Perl has been featured prominently in this book, and with good reason. It is popular, extremely rich with regular expressions, freely and readily obtainable, easily approachable by the beginner, and available for a remarkably wide variety of platforms, including pretty much all flavors of Windows, Unix, and the Mac.

Some of Perl’s programming constructs superficially resemble those of C or other traditional programming languages, but the resemblance stops there. The way you wield Perl to solve a problem—The Perl Way—is different from traditional languages. The overall layout of a Perl program often uses traditional structured and object-oriented concepts, but data processing often relies heavily on regular expressions. In fact, I believe it is safe to say that regular expressions play a key role in virtually all Perl programs. This includes everything from huge 100,000-line systems, right down to simple one-liners, like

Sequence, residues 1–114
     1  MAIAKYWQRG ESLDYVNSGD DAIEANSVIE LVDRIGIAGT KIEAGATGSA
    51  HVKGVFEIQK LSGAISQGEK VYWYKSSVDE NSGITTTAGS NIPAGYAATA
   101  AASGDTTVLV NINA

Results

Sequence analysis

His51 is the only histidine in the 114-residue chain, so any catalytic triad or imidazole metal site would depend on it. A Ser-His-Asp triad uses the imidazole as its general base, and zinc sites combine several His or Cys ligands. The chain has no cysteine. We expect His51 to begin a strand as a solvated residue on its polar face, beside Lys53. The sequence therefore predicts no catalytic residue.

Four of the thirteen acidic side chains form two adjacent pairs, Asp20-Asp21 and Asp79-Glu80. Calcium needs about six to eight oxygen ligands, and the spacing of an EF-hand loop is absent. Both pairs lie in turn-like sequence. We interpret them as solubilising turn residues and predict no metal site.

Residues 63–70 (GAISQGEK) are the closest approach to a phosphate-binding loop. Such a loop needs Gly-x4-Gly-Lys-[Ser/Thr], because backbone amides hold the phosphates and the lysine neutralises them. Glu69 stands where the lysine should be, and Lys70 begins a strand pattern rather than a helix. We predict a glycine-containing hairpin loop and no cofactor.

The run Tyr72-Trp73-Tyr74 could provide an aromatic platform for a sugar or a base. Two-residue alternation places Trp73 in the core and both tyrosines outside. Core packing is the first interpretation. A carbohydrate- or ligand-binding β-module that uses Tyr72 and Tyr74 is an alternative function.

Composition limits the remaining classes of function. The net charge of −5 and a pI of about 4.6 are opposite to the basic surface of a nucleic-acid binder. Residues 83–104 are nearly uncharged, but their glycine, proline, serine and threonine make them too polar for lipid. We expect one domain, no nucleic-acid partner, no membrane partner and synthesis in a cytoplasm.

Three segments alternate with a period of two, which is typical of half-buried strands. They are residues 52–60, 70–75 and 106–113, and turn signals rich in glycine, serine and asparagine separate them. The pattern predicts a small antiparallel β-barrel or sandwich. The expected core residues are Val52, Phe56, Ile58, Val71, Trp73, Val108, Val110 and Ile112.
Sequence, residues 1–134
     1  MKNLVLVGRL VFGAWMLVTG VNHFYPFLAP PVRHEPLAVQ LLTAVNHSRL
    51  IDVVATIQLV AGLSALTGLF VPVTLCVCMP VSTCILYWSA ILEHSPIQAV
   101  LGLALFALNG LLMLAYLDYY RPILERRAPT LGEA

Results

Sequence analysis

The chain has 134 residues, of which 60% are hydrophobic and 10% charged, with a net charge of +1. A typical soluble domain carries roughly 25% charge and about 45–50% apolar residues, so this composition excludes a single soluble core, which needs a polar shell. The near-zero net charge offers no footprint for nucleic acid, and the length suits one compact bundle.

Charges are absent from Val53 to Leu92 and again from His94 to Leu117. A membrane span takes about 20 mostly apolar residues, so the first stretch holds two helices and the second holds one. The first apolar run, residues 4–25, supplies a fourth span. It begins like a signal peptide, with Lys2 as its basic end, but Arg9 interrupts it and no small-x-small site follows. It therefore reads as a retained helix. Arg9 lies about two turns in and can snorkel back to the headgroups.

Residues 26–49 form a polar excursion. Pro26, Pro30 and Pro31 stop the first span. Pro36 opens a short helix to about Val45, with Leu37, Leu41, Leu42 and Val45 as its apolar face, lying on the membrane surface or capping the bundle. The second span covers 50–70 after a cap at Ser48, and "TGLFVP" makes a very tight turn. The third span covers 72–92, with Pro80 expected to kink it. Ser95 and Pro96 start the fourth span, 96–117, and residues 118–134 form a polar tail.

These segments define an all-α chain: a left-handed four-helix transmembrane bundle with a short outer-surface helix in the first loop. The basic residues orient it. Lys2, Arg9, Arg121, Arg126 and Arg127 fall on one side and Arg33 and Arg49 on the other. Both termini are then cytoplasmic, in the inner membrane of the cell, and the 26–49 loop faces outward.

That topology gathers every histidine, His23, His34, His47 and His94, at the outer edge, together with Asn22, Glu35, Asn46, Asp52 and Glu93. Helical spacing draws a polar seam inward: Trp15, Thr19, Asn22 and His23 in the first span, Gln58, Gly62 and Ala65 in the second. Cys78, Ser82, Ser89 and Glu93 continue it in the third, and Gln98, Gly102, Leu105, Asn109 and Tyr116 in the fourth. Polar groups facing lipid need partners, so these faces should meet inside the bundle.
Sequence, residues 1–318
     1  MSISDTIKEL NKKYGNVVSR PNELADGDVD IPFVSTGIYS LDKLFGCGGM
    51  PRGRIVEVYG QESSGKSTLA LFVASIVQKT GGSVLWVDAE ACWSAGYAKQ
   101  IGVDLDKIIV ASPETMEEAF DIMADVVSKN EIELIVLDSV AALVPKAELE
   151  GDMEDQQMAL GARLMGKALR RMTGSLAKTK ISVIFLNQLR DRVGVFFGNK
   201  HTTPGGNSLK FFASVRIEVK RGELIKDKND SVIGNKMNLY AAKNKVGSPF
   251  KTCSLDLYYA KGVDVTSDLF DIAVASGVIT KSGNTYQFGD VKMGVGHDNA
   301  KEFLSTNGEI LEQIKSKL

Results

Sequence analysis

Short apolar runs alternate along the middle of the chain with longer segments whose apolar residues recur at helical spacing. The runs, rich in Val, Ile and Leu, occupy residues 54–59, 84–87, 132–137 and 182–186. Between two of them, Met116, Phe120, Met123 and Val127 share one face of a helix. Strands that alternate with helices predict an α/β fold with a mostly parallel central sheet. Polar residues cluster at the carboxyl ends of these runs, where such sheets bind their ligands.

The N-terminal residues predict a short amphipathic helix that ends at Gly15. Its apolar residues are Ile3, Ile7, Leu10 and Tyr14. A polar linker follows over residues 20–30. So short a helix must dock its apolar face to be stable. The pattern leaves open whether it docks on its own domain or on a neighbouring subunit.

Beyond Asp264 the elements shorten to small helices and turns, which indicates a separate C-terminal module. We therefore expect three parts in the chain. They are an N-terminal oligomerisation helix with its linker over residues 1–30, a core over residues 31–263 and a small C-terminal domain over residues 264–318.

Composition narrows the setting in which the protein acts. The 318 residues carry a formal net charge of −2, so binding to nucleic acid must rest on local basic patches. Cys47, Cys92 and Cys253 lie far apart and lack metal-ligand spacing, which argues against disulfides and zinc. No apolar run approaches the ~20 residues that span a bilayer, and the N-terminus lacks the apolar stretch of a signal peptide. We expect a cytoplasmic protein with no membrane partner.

% perl -pi -e 's{([-+]?\d+(\.\d*)?)F\b}{sprintf "%.0fC",($1-32)*5/9)eg' *.txt

which goes through *.txt files and replaces Fahrenheit values with Celsius ones (reminiscent of the first example from Chapter 2).

In This Chapter

This chapter looks at everything regex about Perl, including details of its regex flavor and the operators that put them to use. This chapter presents the regex-relevant details from the ground up, but I assume that you have at least a basic familiarity with Perl. (If you’ve read Chapter 2, you’re already familiar enough to at least start ...

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